Australian chain sets 3rd deadline to end free plastic bags
CANBERRA, Australia (AP) – A major Australian supermarket chain on Thursday set a third deadline for ending free plastic bags for shoppers, balancing customer anger at an additional shopping expense with environmentalists’ demands for corporate action against plastic pollution.
Coles has been handing out reusable plastic bags to most of its Australian customers since July 1, when it introduced a ban on single-use plastic bags. It initially told customers they’d be charged 15 Australian cents (11 cents) for the reusable bags starting July 8.
Coles shifted the demise of free reusable Better Bags to Aug. 1. But on Wednesday the retail giant postponed that decision indefinitely.
With threats of a shopping boycott by environmentally minded shoppers, Coles announced on Thursday that customers would start paying for bags on Aug. 29.
“I appreciate this transition phase is taking longer than anticipated, but it is absolutely the right thing to do by our customers,” Coles Managing Director John Durkan said in a statement to staff.
Coles and its larger rival Woolworths account for around 70 percent of the Australian supermarket trade. The two chains announced in June new goals to reduce plastic products and packaging in response to requests from customers for a greener shopping experience.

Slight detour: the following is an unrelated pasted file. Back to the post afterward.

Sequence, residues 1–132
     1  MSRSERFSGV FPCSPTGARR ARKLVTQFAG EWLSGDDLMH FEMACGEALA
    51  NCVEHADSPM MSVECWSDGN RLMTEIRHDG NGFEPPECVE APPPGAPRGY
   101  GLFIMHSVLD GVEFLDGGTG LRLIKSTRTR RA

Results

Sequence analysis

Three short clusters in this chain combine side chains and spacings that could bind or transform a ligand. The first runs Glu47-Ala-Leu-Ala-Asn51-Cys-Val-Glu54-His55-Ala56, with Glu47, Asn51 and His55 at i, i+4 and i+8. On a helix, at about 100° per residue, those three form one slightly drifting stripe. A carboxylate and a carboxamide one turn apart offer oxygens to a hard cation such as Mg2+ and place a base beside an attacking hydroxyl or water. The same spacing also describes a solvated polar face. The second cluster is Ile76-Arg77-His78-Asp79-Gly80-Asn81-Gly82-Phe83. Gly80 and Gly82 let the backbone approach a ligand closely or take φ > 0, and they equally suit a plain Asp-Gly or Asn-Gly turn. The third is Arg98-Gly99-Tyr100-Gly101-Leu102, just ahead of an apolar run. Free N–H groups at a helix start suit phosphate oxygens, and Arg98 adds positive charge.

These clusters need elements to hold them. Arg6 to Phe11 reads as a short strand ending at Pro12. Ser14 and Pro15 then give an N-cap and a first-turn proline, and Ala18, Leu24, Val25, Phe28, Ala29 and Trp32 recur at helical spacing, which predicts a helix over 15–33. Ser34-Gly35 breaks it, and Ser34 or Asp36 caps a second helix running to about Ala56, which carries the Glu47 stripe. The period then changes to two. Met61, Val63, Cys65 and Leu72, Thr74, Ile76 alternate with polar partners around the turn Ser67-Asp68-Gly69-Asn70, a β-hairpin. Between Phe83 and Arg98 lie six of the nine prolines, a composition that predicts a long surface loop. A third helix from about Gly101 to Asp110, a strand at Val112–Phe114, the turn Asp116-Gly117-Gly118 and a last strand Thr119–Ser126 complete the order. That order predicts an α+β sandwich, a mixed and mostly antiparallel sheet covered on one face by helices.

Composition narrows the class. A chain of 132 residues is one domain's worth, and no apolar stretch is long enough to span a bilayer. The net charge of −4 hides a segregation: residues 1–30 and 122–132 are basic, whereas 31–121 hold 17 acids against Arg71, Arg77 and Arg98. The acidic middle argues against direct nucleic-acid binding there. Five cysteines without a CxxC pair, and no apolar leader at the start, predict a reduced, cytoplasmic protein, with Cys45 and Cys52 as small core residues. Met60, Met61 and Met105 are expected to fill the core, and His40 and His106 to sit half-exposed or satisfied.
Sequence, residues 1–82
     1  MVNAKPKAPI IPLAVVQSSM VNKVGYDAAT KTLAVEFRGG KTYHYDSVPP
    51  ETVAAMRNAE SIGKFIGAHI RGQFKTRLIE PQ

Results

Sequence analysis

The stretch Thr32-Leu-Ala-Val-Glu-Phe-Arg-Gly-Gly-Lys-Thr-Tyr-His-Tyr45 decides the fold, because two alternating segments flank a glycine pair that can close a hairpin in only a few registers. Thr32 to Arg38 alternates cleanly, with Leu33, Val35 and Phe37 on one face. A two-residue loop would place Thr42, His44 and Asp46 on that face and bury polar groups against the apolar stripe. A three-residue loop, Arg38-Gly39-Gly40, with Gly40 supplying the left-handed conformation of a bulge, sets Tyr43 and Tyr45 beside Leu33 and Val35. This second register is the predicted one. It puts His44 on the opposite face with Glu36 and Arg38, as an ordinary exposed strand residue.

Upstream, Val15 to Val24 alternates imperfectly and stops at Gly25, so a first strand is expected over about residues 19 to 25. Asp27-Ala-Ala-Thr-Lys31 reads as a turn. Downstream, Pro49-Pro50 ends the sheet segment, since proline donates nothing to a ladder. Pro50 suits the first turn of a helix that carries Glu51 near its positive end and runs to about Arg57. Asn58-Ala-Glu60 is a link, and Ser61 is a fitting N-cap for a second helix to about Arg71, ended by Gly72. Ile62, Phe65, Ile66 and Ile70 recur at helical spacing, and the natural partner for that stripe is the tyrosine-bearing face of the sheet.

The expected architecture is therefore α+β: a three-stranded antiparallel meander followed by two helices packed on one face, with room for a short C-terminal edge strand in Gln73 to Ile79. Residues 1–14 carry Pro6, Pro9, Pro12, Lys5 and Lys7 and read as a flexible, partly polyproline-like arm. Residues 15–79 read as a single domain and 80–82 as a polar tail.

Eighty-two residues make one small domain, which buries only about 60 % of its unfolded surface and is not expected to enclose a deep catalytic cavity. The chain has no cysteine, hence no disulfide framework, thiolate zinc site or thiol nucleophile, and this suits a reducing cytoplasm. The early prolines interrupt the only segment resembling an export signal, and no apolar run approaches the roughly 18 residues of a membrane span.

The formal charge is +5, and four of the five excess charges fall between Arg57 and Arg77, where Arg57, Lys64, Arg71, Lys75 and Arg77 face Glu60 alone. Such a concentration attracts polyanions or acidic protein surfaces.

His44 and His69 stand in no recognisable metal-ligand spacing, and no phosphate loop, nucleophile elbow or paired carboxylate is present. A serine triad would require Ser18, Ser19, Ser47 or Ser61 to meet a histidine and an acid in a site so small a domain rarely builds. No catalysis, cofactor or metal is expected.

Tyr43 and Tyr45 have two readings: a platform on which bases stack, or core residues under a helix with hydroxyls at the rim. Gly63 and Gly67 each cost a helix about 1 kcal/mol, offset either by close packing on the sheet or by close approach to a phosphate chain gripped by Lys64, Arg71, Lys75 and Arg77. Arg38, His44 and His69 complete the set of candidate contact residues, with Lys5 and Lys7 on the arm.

Before they took action, half of Australia’s eight states and territories had already banned single-use plastic shopping bags by law.
From July 1, Queensland and Western Australia joined South Australia, Tasmania, Northern Territory and Australian Capital Territory with state-wide bans.
But the most populous states, New South Wales and Victoria – where more than half of Australians live – have resisted change.
Greenpeace spokeswoman Zoe Deans cautiously welcomed Coles’ latest deadline.
“It sounds like initially they paid too much attention to the vocal minority and I think the sheer scale of the outrage yesterday and this morning has shown them what Australians actually think,” Deans said.
“It’s confusing and frustrating for customers that they have been flip-flopping on this issue and we really want to see them make a solid commitment to actually doing what they said they would do and ban the bags for good,” Deans added.
University of Melbourne marketing expert Simon Bell said the policy reversals by Coles demonstrated inconsistency and unreliability.
But he expected the reputational damage to the Coles brand would be short-lived.
“The flip-flopping unfortunately is symptomatic of who’s shouting the loudest on any one day, and that’s not a great way to build brands or adhere to a vision,” Bell said.
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